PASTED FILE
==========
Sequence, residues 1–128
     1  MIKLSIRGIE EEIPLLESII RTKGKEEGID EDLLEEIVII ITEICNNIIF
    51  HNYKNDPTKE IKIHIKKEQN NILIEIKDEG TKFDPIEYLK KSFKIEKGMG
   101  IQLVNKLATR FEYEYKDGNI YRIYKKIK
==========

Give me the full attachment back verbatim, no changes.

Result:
Sequence, residues 1–128
     1  MIKLSIRGIE EEIPLLESII RTKGKEEGID EDLLEEIVII ITEICNNIIF
    51  HNYKNDPTKE IKIHIKKEQN NILIEIKDEG TKFDPIEYLK KSFKIEKGMG
   101  IQLVNKLATR FEYEYKDGNI YRIYKKIK